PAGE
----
On 3 March 2016 the APPG held a joint meeting with the APPG on Credit Unions to discuss how the Government can help low income groups to save.
Robin Walker MP introduced the event, citing the Prime Minister’s speech in January announcing the Government’s intention to launch a ‘help to save’ initiative at Budget 2016. He remarked at how he was struck by the transformative power of small scale savings for people’s life chances.
Yvonne Fovargue MP said she was glad the Government was looking at how to help low income households to save after many years campaigning on this issue. She stressed that any scheme would have to take account of the pressures and challenges that low income families face. In this respect she noted the importance of tangible rewards for savings.
David Haigh from Money Advice Service said that while income is a key driver of savings, evidence suggests that attitudes and behaviours are just as important. He noted that any scheme to promote savings should encourage positive savings habits and support people to meet their own individual savings goals. He said different approaches should be trialled and evaluated before being rolled out.
Mark Lyonette from ABCUL highlighted two different ways credit unions promote savings: payroll deduction in the workplace that make saving as easy as possible; and providing opportunity for account holders to save a small amount while repaying loans. Several credit unions have been recognised by the Fairbanking Foundation for “save as you borrow” type products.
Paul Jones from LJMU spoke about the need for people to save for predictable annual outgoings – such as Christmas – via credit unions. Credit Unions are working on a shared Christmas savings scheme which would involve developing a national brand presence and negotiating a discount with major retailers in order to boost the benefit of the scheme for savers. His research concluded that such a scheme would be feasible if it has a sufficient focus on a diverse membership and provided there was a small initial investment.
Finally, Mike O’Connor from StepChange Debt Charity highlighted that the country had crossed a rubicon in recent years by making saving compulsory through the auto-enrolment of pensions. Mike said StepChange Debt Charity would like the Government to provide a ‘top-up’ early on in people’s savings journey so they would be able to build an adequate savings buffer or ‘rainy day fund’ against future financial shocks.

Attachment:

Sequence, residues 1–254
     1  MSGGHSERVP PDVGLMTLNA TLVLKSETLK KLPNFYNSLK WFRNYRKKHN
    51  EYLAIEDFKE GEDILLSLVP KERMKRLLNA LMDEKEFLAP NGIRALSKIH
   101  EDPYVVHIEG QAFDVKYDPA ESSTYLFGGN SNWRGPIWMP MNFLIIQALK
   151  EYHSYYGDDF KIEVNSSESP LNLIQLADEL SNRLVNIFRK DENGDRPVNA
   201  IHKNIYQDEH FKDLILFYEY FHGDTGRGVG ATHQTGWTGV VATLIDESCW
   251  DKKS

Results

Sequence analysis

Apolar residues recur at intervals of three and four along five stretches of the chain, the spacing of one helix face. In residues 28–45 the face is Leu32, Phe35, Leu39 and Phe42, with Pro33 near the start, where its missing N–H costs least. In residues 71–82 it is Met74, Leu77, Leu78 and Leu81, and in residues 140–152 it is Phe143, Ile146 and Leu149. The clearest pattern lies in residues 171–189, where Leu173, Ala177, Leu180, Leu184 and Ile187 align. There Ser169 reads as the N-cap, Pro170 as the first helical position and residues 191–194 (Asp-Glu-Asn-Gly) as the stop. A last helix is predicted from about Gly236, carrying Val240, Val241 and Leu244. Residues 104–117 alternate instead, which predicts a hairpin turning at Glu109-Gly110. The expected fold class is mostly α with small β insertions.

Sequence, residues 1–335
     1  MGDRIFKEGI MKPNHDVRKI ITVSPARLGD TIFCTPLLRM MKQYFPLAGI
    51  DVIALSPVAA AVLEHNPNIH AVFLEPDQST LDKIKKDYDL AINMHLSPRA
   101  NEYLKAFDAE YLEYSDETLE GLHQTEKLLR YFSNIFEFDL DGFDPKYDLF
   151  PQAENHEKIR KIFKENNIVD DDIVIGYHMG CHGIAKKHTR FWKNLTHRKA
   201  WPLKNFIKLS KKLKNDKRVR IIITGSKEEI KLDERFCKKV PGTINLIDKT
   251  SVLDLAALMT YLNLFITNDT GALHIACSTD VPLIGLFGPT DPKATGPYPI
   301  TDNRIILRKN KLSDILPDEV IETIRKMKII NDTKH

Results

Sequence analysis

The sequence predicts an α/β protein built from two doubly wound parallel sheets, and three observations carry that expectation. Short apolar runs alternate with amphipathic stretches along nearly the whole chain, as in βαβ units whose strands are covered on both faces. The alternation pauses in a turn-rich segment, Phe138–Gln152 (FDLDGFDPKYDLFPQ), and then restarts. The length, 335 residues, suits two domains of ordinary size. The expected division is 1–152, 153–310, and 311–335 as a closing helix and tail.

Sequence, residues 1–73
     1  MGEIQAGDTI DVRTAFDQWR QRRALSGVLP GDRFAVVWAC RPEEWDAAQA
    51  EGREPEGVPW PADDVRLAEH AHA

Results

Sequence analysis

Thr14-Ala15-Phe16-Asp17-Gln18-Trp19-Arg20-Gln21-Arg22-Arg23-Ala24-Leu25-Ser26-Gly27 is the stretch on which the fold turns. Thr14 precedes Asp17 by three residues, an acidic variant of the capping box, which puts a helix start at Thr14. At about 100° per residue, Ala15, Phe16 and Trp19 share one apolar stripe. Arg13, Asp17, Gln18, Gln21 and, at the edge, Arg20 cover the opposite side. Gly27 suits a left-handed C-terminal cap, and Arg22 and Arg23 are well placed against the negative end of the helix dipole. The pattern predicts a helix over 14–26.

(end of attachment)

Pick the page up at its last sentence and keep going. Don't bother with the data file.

The meeting opened to roundtable discussion. Lord Hunt of the Wirral suggested prize-linked savings should be explored – perhaps through a revamp of premium bonds.
Joanna Elson from Money Advice Trust highlighted recent changes to the Common Financial Statement that meant people in agreed repayment plans would be allowed to put away a small amount in emergency savings while they repay debts.
Sian Williams from Toynbee Hall spoke about the importance of clear messaging and a clear focus on the types of savings any new initiative was aimed at.
Roger Marsh from the Bank of England (expressing a personal view) highlighted the importance of effective distribution networks and cited the Post Office network in this regard. It was noted that discussions have taken place about credit union services being made available in the Post Office and that the Cornerstone platform may allow this.
Mike Kane MP highlighted the role he had played in supporting his local credit union in Manchester to engage with the local NHS trust for a payroll deduction partnership.
Robin Walker MP noted payroll saving is already supported through the MOD and the DWP and suggested that all Government departments should support the provision of payroll deduction via credit unions.
Robin Walker MP and Yvonne Fovargue MP agreed to summarise the main points from the meeting with representation from the two APPGs in a joint letter to the Chancellor.